Vineyards to the left and vineyards to the right!
I guess we just need to trust our own taste. I know what I like.
Well you-know-who has left yours-truly behind while she goes off gallivanting in beautiful Napa Valley this week. Well I was in on the decision to not go with, but that does not mean I have to like it.
Here are my top 10 reasons why I want to visit Napa Valley as well.
10. There are over 450 wineries in the area. You don’t have to work hard to find something you’ll like and many wines you taste can only be obtained at the winery and are not available in your local area.
9. It’s not just Napa. Napa Valley is only one of the regions in the California North Coast AVA (American Viticultural Area). 6 counties fall into this area: Lake, Marin, Mendocino, Napa, Solano and Sonoma. Within the 6 county area are some 44 AVAs. What does this mean to us? Really unlimited opportunities to go places, meet people and sample their wines.
8. This is undoubtedly one of the worlds premium wine growing regions. Not just California, not just the US, but the world. Dare we say it could also be one of the universes’ premium regions? I think it is safe to say so.
7. Sonoma. The larges production of wines in the North Coast is actually from Sonoma. Sonoma is considered the birthplace of the California wine industry. Napa is hip, Sonoma is cool.
6. Zinfandel. I’m not talking about the pink stuff your great grandmother likes to drink. Zinfandel is a unique (mostly) American robust red wine. High sugar content in the grape creates wines with high alcohol contents. There are only 2 other areas in the world of note, growing this grape – in Italy it is known as Primitivo and in Croatia it is the Crljenak Kaštelanski grape (don’t ask me how to pronounce this!). I’ve had Primitivo and can say it is certainly a similar tasting style. Some day I hope to go to Croatia for the final comparisons. Zinfandel is planted on about 11% or more of California vineyards. Zinfandel is described as tasting intense: spicy, peppery, plummy, red berry fruits, notes of cedar and vanilla. It is higher in alcohol than many other grapes, so tastes best if well balanced with tannins, often from American Oak. My favorite red? A big jammy Zin.
5. Boutique wineries. Don’t worry about visiting the fanciest or trendiest wineries, visiting the smaller mom & pop or boutique wineries provide an intimate and satisfying trip. Visiting with the folks that actually make the wines is preferred to visiting a sterile tasting room.
4. All the wine. Ok, not just Zinfandel, but Cabernet Sauvignon, Merlot, Chardonnay, Pinot Noir, Cabernet Franc & Sauvignon Blanc, just to mention a few. Sometimes only 1 grape variety is used in a given wine, but frequently other grapes are blended to add more body, flavor or structure overall.
3. Brewpubs. There are some new brewpubs that I would certainly like to try. I can’t list them here, as I don’t know them well at this point.
2. Breweries. Lagunitas Brewing Company is located in Petaluma, CA – only about 10 miles from Sonoma. They make a fantastic IPA and have a dog on their logo – 2 things I look for when picking breweries to visit.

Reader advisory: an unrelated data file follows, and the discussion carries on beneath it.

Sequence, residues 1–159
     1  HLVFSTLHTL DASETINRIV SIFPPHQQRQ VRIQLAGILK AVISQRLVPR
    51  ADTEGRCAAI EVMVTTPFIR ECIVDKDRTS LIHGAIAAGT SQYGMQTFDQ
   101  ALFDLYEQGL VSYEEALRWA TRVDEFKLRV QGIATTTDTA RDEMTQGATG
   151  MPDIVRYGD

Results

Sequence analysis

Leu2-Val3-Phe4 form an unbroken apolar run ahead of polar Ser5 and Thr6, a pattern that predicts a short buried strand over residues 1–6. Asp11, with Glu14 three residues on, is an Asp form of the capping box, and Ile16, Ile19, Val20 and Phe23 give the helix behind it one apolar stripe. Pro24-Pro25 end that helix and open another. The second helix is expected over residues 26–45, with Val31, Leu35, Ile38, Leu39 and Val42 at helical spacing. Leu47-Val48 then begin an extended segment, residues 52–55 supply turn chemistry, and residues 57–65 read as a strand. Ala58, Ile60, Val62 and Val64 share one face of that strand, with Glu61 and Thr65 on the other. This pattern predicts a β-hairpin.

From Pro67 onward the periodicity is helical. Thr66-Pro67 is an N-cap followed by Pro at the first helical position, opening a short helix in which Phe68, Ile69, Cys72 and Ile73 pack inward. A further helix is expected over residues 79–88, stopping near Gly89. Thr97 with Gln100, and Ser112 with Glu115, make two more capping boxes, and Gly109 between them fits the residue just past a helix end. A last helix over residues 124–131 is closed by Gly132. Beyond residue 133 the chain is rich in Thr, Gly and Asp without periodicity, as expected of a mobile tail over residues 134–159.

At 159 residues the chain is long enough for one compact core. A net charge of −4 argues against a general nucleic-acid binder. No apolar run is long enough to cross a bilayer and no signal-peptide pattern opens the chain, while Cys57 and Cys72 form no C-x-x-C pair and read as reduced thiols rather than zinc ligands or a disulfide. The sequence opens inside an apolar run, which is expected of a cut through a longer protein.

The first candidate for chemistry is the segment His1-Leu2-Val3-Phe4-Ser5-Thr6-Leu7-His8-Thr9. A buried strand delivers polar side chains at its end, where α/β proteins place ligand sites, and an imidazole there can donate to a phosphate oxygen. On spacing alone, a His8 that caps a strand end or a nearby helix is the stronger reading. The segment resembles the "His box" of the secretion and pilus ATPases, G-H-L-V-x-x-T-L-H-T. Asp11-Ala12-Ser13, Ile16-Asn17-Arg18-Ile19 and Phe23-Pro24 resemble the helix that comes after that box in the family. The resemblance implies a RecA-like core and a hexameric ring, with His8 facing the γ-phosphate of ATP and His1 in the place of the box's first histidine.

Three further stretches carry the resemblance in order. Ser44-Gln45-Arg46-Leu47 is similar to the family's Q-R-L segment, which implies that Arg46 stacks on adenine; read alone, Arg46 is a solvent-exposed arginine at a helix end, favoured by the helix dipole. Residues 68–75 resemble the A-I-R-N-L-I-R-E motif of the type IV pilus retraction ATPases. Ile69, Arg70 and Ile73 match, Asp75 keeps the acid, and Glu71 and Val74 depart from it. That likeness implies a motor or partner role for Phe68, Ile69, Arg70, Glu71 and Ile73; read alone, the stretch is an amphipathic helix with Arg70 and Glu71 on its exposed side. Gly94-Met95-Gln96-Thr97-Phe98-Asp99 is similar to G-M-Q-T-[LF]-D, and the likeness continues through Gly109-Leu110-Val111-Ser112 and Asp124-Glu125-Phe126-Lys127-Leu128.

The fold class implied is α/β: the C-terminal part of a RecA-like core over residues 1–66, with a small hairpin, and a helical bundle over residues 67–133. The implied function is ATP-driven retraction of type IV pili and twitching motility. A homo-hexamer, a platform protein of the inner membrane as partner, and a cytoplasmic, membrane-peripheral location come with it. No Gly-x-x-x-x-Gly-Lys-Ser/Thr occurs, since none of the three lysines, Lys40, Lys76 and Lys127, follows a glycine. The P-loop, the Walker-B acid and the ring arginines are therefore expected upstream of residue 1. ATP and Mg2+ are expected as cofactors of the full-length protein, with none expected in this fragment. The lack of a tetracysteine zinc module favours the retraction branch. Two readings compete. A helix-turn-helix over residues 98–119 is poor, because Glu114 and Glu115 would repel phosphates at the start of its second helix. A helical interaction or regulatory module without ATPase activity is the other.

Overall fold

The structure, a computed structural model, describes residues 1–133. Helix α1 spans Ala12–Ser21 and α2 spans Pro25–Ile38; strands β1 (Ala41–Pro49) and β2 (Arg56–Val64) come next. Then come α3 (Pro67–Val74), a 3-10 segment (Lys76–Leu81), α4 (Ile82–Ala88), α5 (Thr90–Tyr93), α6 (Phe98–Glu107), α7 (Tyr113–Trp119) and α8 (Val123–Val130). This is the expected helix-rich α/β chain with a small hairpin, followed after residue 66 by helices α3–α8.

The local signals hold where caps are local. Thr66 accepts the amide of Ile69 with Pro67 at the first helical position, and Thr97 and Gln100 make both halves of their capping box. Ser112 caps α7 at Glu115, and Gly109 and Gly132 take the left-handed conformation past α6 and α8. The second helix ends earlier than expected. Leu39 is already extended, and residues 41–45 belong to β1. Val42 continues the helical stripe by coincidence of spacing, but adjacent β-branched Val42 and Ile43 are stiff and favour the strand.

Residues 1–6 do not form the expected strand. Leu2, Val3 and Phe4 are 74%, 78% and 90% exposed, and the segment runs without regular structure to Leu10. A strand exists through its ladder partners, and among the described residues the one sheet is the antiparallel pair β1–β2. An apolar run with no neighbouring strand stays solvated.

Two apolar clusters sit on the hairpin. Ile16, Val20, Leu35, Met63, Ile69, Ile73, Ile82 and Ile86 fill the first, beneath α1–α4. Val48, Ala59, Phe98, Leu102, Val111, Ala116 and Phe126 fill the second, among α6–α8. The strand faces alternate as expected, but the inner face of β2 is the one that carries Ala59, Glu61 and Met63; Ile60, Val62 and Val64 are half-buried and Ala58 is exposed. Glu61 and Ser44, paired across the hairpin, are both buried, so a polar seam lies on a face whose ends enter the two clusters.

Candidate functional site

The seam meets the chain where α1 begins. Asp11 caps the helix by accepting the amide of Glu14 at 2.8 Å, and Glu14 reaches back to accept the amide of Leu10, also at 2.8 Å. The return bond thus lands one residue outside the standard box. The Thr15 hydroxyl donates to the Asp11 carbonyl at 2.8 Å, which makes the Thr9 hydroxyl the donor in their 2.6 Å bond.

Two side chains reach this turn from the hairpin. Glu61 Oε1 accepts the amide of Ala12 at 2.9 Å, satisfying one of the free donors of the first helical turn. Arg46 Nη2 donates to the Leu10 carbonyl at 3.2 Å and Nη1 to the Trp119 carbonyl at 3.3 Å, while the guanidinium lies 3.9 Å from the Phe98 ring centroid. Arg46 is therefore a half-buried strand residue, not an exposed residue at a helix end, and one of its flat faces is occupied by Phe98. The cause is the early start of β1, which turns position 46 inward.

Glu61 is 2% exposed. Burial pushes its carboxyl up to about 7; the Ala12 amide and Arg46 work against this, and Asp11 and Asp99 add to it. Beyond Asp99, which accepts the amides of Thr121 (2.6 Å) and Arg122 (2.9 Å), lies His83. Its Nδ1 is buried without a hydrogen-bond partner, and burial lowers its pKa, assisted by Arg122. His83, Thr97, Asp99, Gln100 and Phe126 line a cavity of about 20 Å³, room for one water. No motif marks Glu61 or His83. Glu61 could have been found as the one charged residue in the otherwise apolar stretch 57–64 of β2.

1. I’m missing a nice trip with my best friend. OK and I’m a bit jealous. I’m stuck in the office blogging about it and she is out tasting wines as I type.
Just a plug, if you need help planning your wine tasting vacation anywhere. Contact GetAway Travel Service – www.getaway.travel For some of our wine-centric postings, visit us on Facebook at www.facebook.com/getawaywine
Part of the North Island of New Zealand and just a short 30 minute ferry boat ride from downtown Auckland, is one of the country’s most accessible and fascinating wine areas: Waiheke Island. It has a unique maritime micro-climate that supports growing of outstanding red wine grapes. We are talking mostly Cabernet Sauvignon and Syrah. While many other excellent varieties of wine are available on Waiheke, red certainly dominates. When it comes to wine, New Zealand is certainly most famous for Sauvignon Blanc, but don’t think for a minute that their other wines are not world class, especially those on Waiheke.
As you can see, the day was a bit overcast for our trip to Waiheke, but it certainly did not change our attitudes over the wine. In this picture you can see that most of the grapes are covered with netting. This is to keep the birds from stealing the ripening grapes. We were told that the Pukeko (most commonly pronounced “Poo Kicker”) birds would move along the top of the nets until they found a hole, then dive in for a bit of a feast. A great idea! We were ready for a taste as well.
There are literally dozens of wineries to stop at. First you hop off the ferry, rent a car for the day, grab a map at the visitor center and get your journey going. One of the most famous reds on the island is Stonyridge’s Larose. Don’t jump right to the big boy first though, you need to sample the other gems they have to offer first. Check out the tasting menu and ask for advice and expert guidance from your host or hostess. The wines listed as “Stonyridge” are estate grown on Waiheke. The Fallen Angel wines are produced from grapes grown elsewhere in New Zealand.
Here is the flagship wine – Larose. One of the world’s largest wine publications named Larose as one of its’ top 100 wines. Not only was it available for purchase while we were there but it was also on the tasting menu! It is quite complex and powerful – certainly at the top or our list as well. We did manage to find a place in our suitcases for one bottle to take home. The bottle in the photo was placed on the railing near the Winery’s café. Great location overlooking the vineyards and olive groves. We could have spent all day here, but alas other wines also needed tasting.